The Potential of Green Technology

It was just a few weeks ago that Hurricane Sandy hit the tri-state area. It left millions without power for days, and decent percentage of those families were without power for up to 2 weeks. While it is becoming more of a common occurrence, the NYC area is not adequately prepared for these large of storms. With antiquated power lines and less than reliable utility companies, it has left me wondering whether I want to be part of the electrical system. In other words, why be dependent on a system that is unreliable if you do not have to be.

On a small scale, I began to explore emergency systems that could better prepare me for the worst of conditions. It started with ordering a solar powered battery that could charge my small electronics. I made an effort to save with deals and discounts before making the purchase, but I wanted get it now before it was too late for the next storm. Having no power is bad enough. The last thing you want is to have no power and have to worry about your cell phone dying. Luckily, we made it through, but I can rest easier knowing that I have more gadgets to get me through major power outages. While this was a small purchase (and device), it got me thinking about ways that green technology could be utilized to offer more reliable systems.

The Future of Green Technology?

While i was busy imagining the future of green technology for this post, my wife reminded me that the future is already here. Not only in my portable solar powered battery, but also on a larger scale. My wife reminded me that friends of ours recently invested in numerous solar panels to power their house. They have a large enough backyard that they were able to generate more than enough electricity with their solar panels. In fact, they are generating more than enough electricity that they are selling power back to the power company. That’s right – they are selling electricity.

While I don’t know the specifics of our friends situation (i.e. financial numbers), the reality of the situation is encouraging to me. Those of you who have followed me for a long time, know that I am semi-committed to making this world a cleaner place to live. This is part of the reason why I bike to work in the summer. I not only save money, but I stay healthy and contribute to a healthier environment. Now, before you think I am some sort of saint, I do have my limits. I refuse to bike in the winter (although I usually take the train). I try to use as little unnecessary plastic, but I also recycle mostly when it’s convenient. I definitely have areas to improve, but the commitment is still there.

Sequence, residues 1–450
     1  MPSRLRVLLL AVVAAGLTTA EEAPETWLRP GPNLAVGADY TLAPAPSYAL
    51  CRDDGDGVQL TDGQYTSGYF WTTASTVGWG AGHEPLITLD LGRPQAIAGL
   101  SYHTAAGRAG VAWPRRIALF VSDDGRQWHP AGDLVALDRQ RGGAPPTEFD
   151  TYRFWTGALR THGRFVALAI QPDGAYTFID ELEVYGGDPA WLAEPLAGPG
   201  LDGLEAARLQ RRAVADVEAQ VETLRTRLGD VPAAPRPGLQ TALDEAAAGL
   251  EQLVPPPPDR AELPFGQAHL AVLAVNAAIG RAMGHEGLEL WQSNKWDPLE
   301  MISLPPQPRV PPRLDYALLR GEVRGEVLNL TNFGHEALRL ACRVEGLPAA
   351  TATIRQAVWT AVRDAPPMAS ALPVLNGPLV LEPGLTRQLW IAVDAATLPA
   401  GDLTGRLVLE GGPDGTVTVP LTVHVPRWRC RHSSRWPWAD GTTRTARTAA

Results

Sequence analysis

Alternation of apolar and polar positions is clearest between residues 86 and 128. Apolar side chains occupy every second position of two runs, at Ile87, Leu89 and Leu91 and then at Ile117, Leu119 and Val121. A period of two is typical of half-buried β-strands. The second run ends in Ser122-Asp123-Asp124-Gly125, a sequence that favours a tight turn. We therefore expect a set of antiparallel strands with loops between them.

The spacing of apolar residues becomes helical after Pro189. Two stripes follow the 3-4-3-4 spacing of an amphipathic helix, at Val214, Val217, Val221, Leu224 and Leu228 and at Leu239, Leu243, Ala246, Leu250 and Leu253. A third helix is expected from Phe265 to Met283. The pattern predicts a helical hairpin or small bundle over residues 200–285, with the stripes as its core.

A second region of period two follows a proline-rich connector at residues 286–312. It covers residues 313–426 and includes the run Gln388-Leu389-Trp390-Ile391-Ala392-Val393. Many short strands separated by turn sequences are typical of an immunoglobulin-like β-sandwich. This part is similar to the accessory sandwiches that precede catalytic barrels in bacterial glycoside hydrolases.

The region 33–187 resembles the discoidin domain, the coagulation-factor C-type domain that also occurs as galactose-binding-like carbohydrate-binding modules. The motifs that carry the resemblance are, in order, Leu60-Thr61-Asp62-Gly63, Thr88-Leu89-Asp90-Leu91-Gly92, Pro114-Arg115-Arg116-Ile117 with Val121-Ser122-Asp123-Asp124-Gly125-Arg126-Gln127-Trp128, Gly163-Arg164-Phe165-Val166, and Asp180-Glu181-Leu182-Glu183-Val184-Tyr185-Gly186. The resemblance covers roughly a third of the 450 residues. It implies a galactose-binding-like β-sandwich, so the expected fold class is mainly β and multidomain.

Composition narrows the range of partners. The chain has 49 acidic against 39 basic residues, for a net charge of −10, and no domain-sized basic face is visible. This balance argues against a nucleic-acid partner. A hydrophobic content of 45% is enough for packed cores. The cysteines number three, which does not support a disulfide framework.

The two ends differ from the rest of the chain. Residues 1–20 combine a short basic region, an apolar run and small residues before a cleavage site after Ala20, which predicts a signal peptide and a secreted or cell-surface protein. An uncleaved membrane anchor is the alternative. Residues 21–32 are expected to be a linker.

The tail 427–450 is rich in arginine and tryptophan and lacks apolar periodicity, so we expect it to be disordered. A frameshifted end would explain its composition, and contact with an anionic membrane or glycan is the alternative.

Thus, when it comes to looking at ways to systematically improve the way in which we generate electricity, I can’t help but be attractive to individual (or maybe smaller communities) sources of sustainable energy. Let’s take a look at what it could look like…

What if every family invested in solar panels to power the needs of their own power. This would prevent a system-wide power outage in the event of a freak storm. One family’s source of energy may be wiped out if a tree falls, but it would mean their neighbors are likely fully functional. Ultimately this means less dependence on a ancient system. Not only would this mean more reliable upkeep (since you are the person in charge), but it also means that families would take more responsibility for their energy usage. If a family’s panels only produce a certain amount of energy in a given time, that means that they can’t use any more than that. Whereas currently, families have an unlimited supply of energy. It’s no wonder we have an energy crisis.

Before I hear some of the critiques against this approach (which, I’m open to, of course, especially since I am just speculating), there are many ways to make this work. People could either save up money to buy the panels themselves or they could look for financial options like plain green loans. I am sure there are many subsidies or financial services out there to help families afford such a large investment.

The beauty of this idea, as I see it, is the creation of a new line of work. It might put more electrical companies out of work, but they could transition to the field of renewable energy. The economy is a fluid thing. Where one door closes, another one opens up. We just have to be perceptive and move with the flow. It’s those who don’t transition who are stuck in a difficult situation.

While I am don’t know enough of the technical aspects of solar or wind energy, I do know that I would prefer a system that relies on renewable energy and that is independently generated. It provides more security and continues to uphold a commitment to a green planet.

Readers, what do you think about this different energy system? Is it plausible?

One Response to The Potential of Green Technology

  1. I love the idea of off-grid, but renewable technologies are very expensive to scale up to a 24/7 operation. Your friend that is a net generator of electricity? He is still buying power back from the electric company (are you guys JCP&L?). If the power went out in his area, his refrigerator was still not running at night and during the night when there was no sun.

    That is, unless he invested in a bank of deep-cycle marine batteries to store electricity to be used when the system isn’t generating. But over the lifetime of the system, those batteries will cost more than the PV panels!

    I have this fantasy of winning the lottery and building an off-grid system that uses electrolysis to split water into hydrogen and oxygen. The hydrogen would then be stored to be used in place of propane for cooking and heating, and when I’m not generating, burning the hydrogen in a fuel cell to produce electricity. It’s a highly inefficient system but as long as I have a source of water and enough renewable energy, it’s highly sustainable.

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